I’m a sucker for non-standard narration and this one delivers as this story is told by an old red oak tree. The book carries a wonderful message of tolerance at its core, a message that sadly seems to require being told over and over again as the human condition tends to ebb and flow in this regard. A new family moves into town and isn’t accepted by all, what follows is a magical story of nature doing its best to assist humans with their insensitivities towards others who don’t fit society’s narrow mold. This is a short read, succinct and well-written; the pages turn fast and the outcomes are realistic, despite having all the magic of animals and trees communicating in human-like ways. The book finishes in a way that isn’t overly optimistic, which is properly done as far as I’m concerned. Life is messy, and stories that end perfectly involve a bit too much magical thinking. The characters are wonderful, and the author’s ability to keep the story light while addressing such a powerful topic is impressive. —Jon

In a Dark, Dark Wood

I finished reading In a Dark, Dark Wood by Ruth Ware. The story is suspenseful and entertaining with plot twists along the way. I liked this book even better than Ware’s The Woman in Cabin 10, which I read first. I find it interesting to read a current bestseller and then go back and read a previous book by the same author. —Alicia

Pashmina

I had the pleasure of moderating an author panel at New York Comic Con last week, and I made it my mission to read through the graphic novels created by the authors I was speaking with. First up was Nidhi Chanani’s Pashmina. This is a beautifully told story about exploring your family roots and learning the importance of being able to make your own choices. I loved the blending of fantasy with reality, and the way color was used through the story. Pri is a heroine you love to root for, and it’s empowering to see her confidence grow throughout the book. I can’t wait to pass this book on to a middle grade teacher I know for her school library. —Kelly

Beneath a Marble Sky

I’m reading Beneath a Marble Sky by John Shors. It’s a historical fiction novel about the building of the Taj Mahal. The empress has died and her beloved husband is beside himself with grief. Since he can’t bring her back he commissions one of the best architects in the land to build a mausoleum for her. This was to become the Taj Mahal. His two eldest sons fought over the future of his empire: One was a peacemaker who wanted to unite the Hindus and Muslims, while the other was a warmonger who wanted to tear them apart. Their little sister often gets in the middle. This is a great read about longing for recognition and finding one’s place . It’s also a great love story. You’ll have to read the book to find out about that. —Barb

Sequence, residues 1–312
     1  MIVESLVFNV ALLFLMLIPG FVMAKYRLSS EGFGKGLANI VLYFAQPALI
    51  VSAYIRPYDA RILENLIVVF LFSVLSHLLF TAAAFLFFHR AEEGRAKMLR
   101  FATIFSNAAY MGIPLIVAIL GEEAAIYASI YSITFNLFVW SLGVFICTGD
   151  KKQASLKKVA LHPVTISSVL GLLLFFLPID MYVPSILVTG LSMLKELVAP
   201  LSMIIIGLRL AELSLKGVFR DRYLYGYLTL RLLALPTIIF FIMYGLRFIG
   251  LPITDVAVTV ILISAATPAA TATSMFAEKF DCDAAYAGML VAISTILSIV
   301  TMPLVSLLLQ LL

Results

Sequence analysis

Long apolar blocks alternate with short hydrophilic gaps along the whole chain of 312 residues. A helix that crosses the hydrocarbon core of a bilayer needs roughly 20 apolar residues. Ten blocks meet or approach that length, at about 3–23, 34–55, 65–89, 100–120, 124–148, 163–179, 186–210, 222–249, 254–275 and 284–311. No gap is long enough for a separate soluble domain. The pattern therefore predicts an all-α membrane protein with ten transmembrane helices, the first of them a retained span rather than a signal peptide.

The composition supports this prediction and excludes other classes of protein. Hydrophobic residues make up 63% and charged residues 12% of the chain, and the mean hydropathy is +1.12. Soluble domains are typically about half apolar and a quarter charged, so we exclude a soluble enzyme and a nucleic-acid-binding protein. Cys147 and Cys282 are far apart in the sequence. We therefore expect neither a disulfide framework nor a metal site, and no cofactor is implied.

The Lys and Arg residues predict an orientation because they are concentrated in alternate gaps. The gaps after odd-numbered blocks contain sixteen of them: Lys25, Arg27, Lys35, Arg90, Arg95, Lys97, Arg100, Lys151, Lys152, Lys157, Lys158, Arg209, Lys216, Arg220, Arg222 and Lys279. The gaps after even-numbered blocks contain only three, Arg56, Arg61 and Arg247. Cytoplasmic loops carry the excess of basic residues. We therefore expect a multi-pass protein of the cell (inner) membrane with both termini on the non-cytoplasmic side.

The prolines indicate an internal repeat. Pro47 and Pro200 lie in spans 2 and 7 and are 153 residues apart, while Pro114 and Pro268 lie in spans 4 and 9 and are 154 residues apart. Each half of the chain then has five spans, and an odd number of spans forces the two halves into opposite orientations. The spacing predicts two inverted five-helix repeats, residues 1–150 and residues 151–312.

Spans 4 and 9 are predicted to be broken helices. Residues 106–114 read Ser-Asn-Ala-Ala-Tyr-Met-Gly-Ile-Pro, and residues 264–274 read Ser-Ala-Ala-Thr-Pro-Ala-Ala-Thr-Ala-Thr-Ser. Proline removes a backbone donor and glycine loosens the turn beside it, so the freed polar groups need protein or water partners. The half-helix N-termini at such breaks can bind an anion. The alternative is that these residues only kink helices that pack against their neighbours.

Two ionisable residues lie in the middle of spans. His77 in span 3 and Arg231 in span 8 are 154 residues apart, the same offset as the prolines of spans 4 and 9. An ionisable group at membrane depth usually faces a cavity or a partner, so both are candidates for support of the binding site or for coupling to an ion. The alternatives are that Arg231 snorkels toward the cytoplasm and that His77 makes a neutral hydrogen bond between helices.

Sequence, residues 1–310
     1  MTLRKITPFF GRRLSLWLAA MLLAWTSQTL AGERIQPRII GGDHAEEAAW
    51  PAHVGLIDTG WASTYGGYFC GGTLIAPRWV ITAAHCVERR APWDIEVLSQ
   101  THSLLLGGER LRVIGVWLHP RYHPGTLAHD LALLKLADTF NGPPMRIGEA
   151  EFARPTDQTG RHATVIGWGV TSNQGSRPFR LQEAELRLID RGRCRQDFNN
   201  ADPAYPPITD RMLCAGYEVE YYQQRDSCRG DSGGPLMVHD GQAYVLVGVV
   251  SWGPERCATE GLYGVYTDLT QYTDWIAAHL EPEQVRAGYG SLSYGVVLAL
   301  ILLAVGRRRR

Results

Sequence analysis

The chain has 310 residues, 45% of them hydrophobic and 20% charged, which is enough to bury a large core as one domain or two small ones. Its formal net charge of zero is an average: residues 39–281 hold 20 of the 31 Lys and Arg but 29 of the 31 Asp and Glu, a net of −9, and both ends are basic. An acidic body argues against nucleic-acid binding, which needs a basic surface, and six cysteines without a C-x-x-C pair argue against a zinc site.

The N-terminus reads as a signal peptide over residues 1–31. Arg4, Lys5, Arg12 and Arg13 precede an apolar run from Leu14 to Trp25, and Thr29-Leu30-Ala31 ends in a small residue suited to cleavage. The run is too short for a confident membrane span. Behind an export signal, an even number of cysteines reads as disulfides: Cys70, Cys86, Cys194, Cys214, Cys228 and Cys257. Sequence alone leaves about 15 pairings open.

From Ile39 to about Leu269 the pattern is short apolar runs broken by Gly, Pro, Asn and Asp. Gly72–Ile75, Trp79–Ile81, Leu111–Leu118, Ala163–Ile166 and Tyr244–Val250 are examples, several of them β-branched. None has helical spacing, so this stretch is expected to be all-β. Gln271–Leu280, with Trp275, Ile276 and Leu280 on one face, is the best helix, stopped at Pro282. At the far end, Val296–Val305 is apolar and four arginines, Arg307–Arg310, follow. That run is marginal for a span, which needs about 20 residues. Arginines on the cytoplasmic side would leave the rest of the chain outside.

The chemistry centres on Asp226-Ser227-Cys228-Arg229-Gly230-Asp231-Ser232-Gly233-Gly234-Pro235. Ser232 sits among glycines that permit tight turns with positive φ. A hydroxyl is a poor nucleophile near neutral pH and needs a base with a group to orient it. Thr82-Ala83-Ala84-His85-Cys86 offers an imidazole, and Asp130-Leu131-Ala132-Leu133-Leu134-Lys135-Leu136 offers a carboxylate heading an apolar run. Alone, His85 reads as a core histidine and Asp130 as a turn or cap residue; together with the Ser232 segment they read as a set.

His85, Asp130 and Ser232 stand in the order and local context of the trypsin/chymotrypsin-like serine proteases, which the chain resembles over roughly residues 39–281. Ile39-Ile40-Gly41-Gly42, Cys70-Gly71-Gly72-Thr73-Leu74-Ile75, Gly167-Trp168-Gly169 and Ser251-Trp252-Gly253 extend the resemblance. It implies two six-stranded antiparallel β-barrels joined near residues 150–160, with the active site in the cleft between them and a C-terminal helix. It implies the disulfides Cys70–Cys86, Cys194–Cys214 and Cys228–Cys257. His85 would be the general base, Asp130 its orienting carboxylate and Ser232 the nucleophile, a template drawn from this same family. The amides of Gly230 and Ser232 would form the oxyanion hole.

Book Scavenger

This one is for the younger book nerds out there; it’s good versus evil, it’s kids versus adults, it’s about intellect and puzzle solving, it’s about books and friendships and family and it comes highly recommended by my crew’s standards. The central character, Emily, has lived all over the place as her family is a Kerouac-aligned, rolling stone family. Their aim is to live in each of the 50 states with the idea of writing a book off their adventures, and they all seem to be into that lifestyle with the exception of Emily. Their arrival in San Francisco sets many things into motion for the family to help ease them into setting down some roots. The central theme is a treasure hunt of sorts. Emily is really into a game, Book Scavenger, with San Francisco being the epicenter of Book Scavenging. Things take a more serious turn with the game and that’s when the stakes get high and the adventure starts. Quite a page turner, well written, good stuff! We are already a quarter of the way done with the second in this series and are enjoying it very much! —Jon